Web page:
Wow, where did summer go?!
The nights are drawing in now and we’re making sure our woodpile is ready for some colder evenings.
But the one thing I love about the changing seasons is the change in what we can cook.
I’m looking forward to heart-warming stews, slow-cooked casseroles and long lazy Sunday lunches.
And it’s the height of the wild mushroom season.
So if you know someone who’s well-informed on foraging, look out for girolles, chanterelles and trompettes de la mort.
So, we all know eating locally sourced food is really the way forward.
Or actually, it’s the way back because this is what we used to do until globalisation.
Not only is it better for our planet by shortening the supply chain.
It’s also good for us.
A few reasons why eating in season is good
Economical: eating fruit and veg when there are loads of it means it will be sold cheaper than in the off-season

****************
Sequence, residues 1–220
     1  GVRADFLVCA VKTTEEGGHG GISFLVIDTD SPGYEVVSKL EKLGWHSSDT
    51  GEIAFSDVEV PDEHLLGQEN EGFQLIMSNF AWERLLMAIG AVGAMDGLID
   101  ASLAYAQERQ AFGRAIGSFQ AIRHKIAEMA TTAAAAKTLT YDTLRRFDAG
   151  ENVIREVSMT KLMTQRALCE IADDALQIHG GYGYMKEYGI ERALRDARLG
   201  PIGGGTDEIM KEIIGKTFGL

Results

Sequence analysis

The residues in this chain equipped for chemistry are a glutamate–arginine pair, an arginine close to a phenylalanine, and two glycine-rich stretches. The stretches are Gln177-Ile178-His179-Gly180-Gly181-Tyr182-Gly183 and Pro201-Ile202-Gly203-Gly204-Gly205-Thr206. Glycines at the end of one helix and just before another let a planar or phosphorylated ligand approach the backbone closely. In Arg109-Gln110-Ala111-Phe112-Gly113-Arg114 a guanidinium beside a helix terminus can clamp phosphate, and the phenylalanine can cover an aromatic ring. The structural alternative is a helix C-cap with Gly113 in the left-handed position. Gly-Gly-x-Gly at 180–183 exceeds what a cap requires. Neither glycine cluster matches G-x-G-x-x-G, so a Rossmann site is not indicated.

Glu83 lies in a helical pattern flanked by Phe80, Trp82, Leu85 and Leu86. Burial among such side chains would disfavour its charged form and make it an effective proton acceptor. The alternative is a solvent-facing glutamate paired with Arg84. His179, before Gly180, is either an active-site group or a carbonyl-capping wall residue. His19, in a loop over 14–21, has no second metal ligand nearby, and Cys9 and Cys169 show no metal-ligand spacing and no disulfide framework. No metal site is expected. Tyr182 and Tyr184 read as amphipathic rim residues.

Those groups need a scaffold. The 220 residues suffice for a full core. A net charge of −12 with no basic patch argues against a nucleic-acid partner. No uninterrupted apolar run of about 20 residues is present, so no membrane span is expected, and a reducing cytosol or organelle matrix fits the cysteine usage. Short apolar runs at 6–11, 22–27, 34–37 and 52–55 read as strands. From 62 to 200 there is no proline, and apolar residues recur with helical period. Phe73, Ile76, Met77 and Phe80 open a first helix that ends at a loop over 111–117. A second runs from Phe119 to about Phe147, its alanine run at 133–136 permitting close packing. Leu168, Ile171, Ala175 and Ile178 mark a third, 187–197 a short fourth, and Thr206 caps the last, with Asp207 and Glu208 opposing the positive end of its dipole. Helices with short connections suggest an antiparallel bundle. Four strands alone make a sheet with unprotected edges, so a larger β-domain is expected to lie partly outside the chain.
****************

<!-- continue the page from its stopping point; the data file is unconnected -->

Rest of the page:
Health benefits: food that is in season contain the nutrients and minerals that our bodies need at a particular time of year.
e.g. butternut squash and apples are in season in autumn/winter – they are packed with vitamin so help keep away horrid winter colds.
Tastes better: which makes obvious sense.
Mass-produced produce tends to suffer from a lack of flavour. Large commercial farms are about volume and often they are adapted to look uniformed and have a better shelf life so flavour slides.
Autumn cabbage (green, red)
Broccoli (calabrese, autumn sprouting)
Lettuce and other salad leaves
Wild mushrooms (girolles, chanterelles, trompettes de la mort)
Pumpkins and winter squashes
Radishes (summer, winter)
[Available most months in good condition: button mushrooms, carrots, cauliflower, maincrop potatoes, onions, rocket]
[Always available in good condition: beef, chicken, pork, rabbit, farmed venison, wood pigeon]